Propane storage containers are made in many sizes and shapes for both stationary and mobile use. Both types are designed to hold propane in its liquid form, which means that the container is pressurized. It’s important to know which type you own because there are specific requirements for each. Rules governing the installation of propane containers are enforced at the national, state, and local levels ensuring all applicable codes and regulations are adhered to for the safety of consumers and the general public. Steel stationary tanks are commonly installed both above- and underground at homes or businesses to supply fuel to all propane-powered appliances in the structure.
Common Types of Propane Tanks
- American Society of Mechanical Engineers (ASME) tanks are a common type used to supply fuel to the home. These tanks are typically installed horizontally and range in size from 120 to more than 1,000 gallons.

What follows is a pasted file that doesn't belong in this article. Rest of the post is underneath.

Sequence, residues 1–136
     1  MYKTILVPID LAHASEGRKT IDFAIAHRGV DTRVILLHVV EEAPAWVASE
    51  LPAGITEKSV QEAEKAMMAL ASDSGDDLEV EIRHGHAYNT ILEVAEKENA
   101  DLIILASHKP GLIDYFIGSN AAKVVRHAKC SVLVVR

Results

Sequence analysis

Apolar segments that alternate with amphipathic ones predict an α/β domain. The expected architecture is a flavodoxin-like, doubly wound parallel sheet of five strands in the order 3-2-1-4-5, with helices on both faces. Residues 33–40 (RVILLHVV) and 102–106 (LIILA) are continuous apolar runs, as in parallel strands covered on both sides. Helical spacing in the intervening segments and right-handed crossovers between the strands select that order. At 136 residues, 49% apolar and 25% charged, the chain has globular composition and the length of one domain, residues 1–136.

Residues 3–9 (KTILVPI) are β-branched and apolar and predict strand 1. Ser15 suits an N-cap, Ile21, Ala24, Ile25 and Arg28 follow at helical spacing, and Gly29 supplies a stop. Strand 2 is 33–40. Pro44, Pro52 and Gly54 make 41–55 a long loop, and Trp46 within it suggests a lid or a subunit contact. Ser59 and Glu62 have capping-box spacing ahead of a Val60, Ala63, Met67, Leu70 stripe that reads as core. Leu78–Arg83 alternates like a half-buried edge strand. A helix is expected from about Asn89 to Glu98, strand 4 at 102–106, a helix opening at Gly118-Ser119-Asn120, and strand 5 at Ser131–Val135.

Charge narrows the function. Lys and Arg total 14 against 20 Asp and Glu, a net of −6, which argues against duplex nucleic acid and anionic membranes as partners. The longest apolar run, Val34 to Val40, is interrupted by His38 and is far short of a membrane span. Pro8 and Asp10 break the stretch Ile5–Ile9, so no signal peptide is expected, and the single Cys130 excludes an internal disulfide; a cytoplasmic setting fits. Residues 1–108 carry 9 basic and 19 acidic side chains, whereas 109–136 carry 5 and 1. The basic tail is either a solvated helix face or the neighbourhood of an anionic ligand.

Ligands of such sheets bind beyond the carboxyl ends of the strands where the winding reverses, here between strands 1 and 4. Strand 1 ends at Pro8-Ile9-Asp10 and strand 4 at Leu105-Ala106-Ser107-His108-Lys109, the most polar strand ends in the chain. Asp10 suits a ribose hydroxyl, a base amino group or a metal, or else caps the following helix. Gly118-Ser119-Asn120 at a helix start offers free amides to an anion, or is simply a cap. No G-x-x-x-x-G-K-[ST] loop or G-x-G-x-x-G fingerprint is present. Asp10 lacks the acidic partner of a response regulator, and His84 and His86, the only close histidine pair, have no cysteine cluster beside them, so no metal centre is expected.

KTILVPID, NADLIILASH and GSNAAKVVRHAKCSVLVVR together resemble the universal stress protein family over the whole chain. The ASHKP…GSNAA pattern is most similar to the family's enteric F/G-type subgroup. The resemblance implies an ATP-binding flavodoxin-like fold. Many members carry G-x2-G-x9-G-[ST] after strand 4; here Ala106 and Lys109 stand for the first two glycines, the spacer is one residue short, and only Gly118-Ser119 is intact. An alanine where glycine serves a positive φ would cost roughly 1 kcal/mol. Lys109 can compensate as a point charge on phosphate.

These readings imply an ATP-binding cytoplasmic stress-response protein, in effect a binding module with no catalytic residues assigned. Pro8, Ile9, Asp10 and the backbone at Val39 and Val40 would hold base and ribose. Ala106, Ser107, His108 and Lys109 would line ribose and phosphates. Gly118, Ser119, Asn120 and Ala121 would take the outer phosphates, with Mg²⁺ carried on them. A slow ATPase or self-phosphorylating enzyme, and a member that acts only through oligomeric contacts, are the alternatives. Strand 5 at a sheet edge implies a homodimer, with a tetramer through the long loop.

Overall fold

- Department of Transportation (DOT) cylinders that provide fuel for homes are called stationary or exchange service cylinders. These are installed vertically and tend to be smaller in size than an ASME type.
Smaller DOT cylinders commonly used for all types of work and recreational equipment, outdoor living amenities, and forklifts are called portable cylinders. These can be various sizes and made of different materials like steel, aluminum, or composite materials.
Disposable cylinders are small cylinders, typically containing one pound of propane that can be used for camping or soldering. These types of cylinders generally are disposable, but some approved cylinders can be refilled.
There are many requirements for proper installation of propane containers as well as laws and procedures governing the repair of containers and systems they service. Unlicensed or unqualified individuals should never attempt to make repairs or modifications to their propane containers, and installation and maintenance should only be performed by those who are familiar with the codes and regulations regarding propane containers.